Parker Donham Karen, Thank you for your willingness to engage in response to my criticism. It's discouraging to hear that, once again, CBRM code inspectors are putting obstacles in the way of accessibility. It seems that whenever accessibility requirements clash with any other city rule or prerogative, accessibility is sacrificed. Since I reposted Warren Reed's observations about the Carleton deck, I forwarded your comment to him. Here is his response: 

Dear Ms. Spaulding,

I am the person who posted about the patio at the Carleton. As a wheelchair user I am very hard to please on matters of accessibility, especially given that HRM Patio By-Law S1000 says sidewalk cafés shall comply with the Canadian Standards Association (CSA) Accessible Design for the Built Environment, CSA Standard B651, as amended from time to time, which yours, I'm sorry to say, does not. It seems that I have traded my share in a public sidewalk for a private space from which I am excluded.

I'd add that as a taxpayer with a considerable investment in your new neighborhood it irks me that, wherever the fault lies, no one has taken the trouble to obey the law. You are entirely welcome to my generous support, but I am entitled to more respect than you have given me and the many people like me.

Frankly, I find it hard to believe your assertion that the slope toward Prince Street is what has prevented making the North patio accessible. Interior ramps, switchbacks, feathered edges - there are a hundred solutions. You simply haven't had good advice. A creative design could solve a variety of accessibility problems - it's an opportunity.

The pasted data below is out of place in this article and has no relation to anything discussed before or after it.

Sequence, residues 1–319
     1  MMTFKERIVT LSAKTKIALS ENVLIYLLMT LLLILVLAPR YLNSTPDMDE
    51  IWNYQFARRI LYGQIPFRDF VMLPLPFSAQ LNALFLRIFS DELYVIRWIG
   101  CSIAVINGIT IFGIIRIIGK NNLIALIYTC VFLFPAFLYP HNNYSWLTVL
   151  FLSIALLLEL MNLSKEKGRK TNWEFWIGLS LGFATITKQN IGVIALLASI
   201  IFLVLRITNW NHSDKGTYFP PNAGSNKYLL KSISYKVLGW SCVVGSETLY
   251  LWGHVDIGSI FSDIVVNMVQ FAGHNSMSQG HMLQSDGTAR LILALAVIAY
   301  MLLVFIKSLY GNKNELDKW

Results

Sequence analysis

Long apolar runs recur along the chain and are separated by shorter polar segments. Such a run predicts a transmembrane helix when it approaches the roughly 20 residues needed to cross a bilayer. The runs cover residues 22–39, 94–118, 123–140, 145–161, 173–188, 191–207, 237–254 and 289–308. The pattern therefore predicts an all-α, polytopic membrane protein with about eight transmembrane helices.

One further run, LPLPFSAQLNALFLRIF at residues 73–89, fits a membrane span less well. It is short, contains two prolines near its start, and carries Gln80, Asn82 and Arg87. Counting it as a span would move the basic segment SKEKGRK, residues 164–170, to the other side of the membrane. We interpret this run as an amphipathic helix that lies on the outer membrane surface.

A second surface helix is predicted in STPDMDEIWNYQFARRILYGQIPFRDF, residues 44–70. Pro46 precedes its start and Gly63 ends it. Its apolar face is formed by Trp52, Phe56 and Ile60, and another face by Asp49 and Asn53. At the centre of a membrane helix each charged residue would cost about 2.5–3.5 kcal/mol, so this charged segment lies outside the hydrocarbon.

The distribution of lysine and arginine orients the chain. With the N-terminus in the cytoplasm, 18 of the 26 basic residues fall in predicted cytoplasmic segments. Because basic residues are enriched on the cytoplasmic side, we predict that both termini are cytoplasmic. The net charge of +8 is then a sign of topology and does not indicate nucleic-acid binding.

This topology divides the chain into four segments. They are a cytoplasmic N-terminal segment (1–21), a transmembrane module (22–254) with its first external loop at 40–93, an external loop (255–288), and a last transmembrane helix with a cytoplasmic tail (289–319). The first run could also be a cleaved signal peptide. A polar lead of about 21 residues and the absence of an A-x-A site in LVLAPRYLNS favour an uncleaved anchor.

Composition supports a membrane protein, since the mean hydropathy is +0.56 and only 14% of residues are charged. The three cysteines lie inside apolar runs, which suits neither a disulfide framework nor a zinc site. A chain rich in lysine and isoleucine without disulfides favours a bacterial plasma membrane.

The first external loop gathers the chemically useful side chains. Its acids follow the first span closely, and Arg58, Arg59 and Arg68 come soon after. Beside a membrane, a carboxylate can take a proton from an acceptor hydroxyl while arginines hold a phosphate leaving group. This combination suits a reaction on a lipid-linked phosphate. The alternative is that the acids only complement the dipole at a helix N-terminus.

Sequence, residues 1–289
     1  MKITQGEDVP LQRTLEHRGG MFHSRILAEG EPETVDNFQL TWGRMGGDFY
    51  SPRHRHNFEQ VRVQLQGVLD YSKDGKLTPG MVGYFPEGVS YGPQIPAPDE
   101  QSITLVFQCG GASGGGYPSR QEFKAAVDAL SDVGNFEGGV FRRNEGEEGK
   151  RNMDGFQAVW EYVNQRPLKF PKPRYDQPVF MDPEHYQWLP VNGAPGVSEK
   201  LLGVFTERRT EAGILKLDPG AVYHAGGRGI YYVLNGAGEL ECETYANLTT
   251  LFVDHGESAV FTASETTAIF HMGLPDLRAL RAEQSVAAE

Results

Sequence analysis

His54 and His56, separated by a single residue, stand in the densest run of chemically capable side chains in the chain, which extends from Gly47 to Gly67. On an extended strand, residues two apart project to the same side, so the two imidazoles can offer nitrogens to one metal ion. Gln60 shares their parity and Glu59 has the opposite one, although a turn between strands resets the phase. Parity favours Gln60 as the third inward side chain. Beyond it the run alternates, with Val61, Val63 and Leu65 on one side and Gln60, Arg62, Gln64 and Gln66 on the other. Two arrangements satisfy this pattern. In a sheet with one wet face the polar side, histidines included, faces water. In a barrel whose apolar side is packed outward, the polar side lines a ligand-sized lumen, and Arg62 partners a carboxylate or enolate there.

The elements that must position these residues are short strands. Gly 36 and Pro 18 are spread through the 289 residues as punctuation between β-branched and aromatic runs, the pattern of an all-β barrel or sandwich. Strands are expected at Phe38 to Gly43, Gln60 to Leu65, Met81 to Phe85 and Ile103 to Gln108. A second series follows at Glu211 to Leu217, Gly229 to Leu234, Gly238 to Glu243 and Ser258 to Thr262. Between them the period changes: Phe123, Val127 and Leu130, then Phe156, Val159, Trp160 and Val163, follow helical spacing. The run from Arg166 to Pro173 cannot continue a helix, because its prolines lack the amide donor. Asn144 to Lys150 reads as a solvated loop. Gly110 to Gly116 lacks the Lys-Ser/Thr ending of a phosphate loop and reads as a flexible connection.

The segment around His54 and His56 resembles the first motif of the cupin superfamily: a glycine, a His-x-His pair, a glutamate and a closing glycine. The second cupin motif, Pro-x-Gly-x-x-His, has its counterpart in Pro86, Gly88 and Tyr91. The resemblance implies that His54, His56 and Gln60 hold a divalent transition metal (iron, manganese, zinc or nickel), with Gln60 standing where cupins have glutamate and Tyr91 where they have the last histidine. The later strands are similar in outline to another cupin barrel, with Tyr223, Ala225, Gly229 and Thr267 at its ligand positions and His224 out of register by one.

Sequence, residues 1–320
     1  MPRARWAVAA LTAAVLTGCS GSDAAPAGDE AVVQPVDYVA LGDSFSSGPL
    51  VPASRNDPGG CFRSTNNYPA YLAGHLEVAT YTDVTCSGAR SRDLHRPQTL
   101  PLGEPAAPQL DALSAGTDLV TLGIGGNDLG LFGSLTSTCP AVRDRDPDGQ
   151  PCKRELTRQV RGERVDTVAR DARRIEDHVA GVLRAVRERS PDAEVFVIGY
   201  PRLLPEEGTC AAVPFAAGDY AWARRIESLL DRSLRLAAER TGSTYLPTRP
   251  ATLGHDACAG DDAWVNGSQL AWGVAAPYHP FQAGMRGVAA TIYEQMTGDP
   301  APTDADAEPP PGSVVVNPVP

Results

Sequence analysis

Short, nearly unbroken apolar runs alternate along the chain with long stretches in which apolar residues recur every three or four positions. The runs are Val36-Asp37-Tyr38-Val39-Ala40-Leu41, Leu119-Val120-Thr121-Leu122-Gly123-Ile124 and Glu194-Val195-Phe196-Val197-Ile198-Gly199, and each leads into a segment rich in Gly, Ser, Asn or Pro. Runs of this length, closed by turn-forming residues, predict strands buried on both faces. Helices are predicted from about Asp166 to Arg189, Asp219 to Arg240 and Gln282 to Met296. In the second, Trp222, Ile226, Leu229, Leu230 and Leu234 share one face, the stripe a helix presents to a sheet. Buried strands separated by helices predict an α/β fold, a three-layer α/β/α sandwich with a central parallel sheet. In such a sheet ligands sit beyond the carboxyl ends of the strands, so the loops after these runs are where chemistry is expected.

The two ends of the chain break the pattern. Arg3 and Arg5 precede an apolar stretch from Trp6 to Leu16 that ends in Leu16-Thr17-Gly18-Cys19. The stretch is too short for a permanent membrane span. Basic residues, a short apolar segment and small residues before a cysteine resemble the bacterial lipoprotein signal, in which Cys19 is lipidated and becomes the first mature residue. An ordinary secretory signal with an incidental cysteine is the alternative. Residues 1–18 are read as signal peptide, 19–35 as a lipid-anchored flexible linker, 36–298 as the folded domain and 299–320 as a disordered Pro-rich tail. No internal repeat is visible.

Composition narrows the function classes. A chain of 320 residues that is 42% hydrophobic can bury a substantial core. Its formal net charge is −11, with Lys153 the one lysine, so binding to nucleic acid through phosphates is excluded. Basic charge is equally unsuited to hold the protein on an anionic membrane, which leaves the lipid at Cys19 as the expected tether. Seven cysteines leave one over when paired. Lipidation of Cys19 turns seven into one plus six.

In the end, I'm not quite sure how you can be comfortable with separate and unequal treatment of some of your fellow Haligonians. Is there a whites only section? A men's bar? A separate door for LGBTQ folk?

I take you at your word that you support accessibility as a principle, but I wonder if you understand that it is my right and your responsibility. Without that, you risk drifting off into the land of happy talk so frequently encountered. 

I would be happy to meet with you to talk about ways to make the North patio accessible or to think about access generally.

Yours truly,

Gus Reed


Paul Vienneau Messaged you, Karen.

Paul Vienneau I have worked the venue, most recently last night and last Friday.
My problem with not talking to the venue first is they are immediately put on the defensive and made to look like pricks, when the opposite is true. 
The inside of the Carleton has been
 redone in a way that shows genuine desire to have disabled clients/performers(and they have a ramp to the stage- I can count on one hand the number of venues I have played at that have ramps for the stage). 
I’m not claiming anything is perfect, but going to the owner of the venue first, in my opinion, and offering to help them close any accessibility gaps, is much better than calling them out.
Yes, we have the right to demand things dealing with our rights. But when we’re dealing with people- and I have to keep saying in my opinion- I think we should lead with contact and offers of support.

But hey, everyone gets to do whatever they want.
Karen- if you’re looking for someone to work with, I offer my time to you at no charge.


Denise MacDonell Best sm comment I have seen in a long time, Paul. Amazing.

Paul Vienneau Denise MacDonell What is “sm”? 🙂

Denise MacDonell Paul Vienneau Haha! "Social Media"


Karen Spaulding Thank you for taking the time to share your perspective, Paul Vienneau. I will absolutely take you up on your offer. We want to improve and to set an inclusive example. Talk soon!

Paul Vienneau Karen Spaulding Brunch was awesome! Thank you for your time, Karen!